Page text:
• Used to identify pods that might be consuming excessive CPU, causing performance issues.
  • Used to detect memory leaks or inefficiencies.
  • Used to sort pods based on CPU or memory usage, facilitating prioritization and identification of pods with the highest resource consumption.
  • Used to provide a comprehensive overview of resource utilization in the entire cluster.
  • Helps to identify individual pods and investigate their resource consumption patterns.

Overall by running this command, users can quickly identify pods that may be experiencing high resource consumption, potential bottlenecks, or underutilization. This helps ensure efficient resource allocation and optimal performance of applications.

Let's explore some examples to illustrate the possibilities offered by the kubectl top pod command.

1. Identifying High Resource Consumption

kubectl top pod --sort-by=cpu

This command lists all pods in the cluster sorted by CPU usage in descending order. By examining the pods at the top of the list, administrators can identify those consuming the most CPU resources, potentially indicating resource-intensive applications that may need optimization or scaling.


Identifying High Resource Consumption
Identifying High Resource Consumption

Each row represents a pod running in the Kubernetes cluster. The first column lists the names of the pods.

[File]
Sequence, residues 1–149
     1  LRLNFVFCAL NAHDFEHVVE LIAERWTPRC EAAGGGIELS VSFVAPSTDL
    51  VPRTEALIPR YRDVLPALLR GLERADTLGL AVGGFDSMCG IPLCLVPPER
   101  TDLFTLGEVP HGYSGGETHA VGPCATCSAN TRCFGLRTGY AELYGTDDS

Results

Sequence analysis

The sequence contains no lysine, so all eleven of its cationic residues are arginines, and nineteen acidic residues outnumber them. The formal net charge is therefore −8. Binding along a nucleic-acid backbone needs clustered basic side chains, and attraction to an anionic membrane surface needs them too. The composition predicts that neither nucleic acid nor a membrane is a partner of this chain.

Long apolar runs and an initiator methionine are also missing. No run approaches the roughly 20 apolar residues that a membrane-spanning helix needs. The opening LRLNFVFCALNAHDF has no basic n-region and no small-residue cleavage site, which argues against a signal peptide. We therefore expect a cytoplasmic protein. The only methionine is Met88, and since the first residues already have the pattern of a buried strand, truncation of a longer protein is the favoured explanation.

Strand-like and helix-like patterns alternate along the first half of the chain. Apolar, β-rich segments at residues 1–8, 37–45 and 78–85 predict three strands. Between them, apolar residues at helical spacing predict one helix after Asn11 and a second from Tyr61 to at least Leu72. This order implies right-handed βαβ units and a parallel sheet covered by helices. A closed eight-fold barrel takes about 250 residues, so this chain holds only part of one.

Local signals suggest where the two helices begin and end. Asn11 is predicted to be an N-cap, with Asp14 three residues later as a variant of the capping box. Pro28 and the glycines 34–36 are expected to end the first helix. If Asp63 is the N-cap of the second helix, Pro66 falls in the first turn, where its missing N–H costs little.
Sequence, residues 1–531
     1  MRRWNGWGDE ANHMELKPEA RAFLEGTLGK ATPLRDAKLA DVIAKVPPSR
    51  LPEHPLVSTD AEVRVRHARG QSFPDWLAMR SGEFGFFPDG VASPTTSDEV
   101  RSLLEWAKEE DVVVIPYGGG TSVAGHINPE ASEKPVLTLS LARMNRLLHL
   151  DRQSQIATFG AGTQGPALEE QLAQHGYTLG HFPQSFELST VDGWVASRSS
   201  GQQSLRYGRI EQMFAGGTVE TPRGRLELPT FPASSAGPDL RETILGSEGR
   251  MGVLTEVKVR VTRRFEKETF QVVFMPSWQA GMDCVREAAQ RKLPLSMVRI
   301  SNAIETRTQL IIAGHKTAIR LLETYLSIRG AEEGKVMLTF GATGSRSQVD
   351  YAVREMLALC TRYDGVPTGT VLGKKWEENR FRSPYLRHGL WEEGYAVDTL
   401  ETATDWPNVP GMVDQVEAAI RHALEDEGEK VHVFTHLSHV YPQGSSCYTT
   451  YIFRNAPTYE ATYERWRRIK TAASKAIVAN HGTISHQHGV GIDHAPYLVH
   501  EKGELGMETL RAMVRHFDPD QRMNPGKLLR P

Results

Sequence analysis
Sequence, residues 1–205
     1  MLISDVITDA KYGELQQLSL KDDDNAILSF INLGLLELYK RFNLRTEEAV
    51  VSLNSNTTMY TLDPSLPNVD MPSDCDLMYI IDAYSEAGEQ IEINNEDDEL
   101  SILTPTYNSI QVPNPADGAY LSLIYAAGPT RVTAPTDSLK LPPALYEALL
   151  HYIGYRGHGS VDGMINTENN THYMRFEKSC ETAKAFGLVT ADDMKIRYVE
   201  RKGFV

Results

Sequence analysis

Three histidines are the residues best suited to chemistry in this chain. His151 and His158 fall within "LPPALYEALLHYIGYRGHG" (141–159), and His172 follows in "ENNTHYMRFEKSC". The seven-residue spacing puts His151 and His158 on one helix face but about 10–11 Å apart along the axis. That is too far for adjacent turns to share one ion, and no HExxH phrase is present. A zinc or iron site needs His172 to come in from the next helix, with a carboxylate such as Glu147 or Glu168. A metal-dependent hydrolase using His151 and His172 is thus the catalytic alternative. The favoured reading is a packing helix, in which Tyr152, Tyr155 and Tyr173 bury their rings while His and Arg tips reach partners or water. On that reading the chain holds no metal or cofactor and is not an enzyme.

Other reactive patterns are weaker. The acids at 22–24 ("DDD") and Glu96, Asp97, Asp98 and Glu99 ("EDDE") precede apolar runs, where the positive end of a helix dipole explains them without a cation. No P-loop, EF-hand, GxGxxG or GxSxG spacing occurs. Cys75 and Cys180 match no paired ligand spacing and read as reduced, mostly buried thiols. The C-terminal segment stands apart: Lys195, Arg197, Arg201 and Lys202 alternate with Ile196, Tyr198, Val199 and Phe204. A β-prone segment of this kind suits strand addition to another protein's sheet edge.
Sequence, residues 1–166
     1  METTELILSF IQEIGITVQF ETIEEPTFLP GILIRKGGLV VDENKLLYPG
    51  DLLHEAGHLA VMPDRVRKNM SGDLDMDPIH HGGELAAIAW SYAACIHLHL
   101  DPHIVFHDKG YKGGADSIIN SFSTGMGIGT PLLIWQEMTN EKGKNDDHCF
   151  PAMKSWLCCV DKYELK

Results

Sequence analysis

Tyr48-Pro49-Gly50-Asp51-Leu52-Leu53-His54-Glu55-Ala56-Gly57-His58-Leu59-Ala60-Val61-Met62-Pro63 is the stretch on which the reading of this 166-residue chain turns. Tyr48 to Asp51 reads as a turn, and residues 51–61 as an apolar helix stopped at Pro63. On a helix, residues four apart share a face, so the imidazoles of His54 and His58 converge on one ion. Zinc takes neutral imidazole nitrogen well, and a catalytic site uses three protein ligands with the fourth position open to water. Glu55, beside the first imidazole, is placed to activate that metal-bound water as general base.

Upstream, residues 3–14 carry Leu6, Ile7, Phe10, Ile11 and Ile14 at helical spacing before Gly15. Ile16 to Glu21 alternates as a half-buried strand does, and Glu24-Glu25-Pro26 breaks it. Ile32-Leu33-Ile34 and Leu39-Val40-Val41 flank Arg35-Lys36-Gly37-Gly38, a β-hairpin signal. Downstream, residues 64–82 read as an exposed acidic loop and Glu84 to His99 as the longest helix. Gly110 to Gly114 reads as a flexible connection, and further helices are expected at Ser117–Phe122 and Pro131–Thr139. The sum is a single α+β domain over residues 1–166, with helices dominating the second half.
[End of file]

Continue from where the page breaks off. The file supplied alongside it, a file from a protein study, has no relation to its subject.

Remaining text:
The second column (CPU(cores)) displays the CPU usage of each pod in milliCPU (millicores), indicating the fraction of CPU resources the pod is consuming.

The third column (MEMORY(bytes)) shows the memory usage of each pod in bytes, indicating the amount of memory allocated to the pod.

2. Detecting Bottlenecks

kubectl top pod --all-namespaces --sort-by=memory

By fetching resource usage metrics for all pods across namespaces and sorting them by memory usage, this command helps detect pods experiencing memory bottlenecks. Admins can then investigate further to resolve issues, such as optimizing memory allocation or identifying memory leaks.


Detecting Bottlenecks
Detecting Bottlenecks

The output is similar to the previous output, but with the addition of the NAMESPACE column. The NAMESPACE column specifies the namespace in which each pod is running.

This output allows administrators to identify resource usage across namespaces, helping detect memory bottlenecks affecting pods in different parts of the cluster.

3. Namespace-Specific Analysis

kubectl top pod -n <namespace>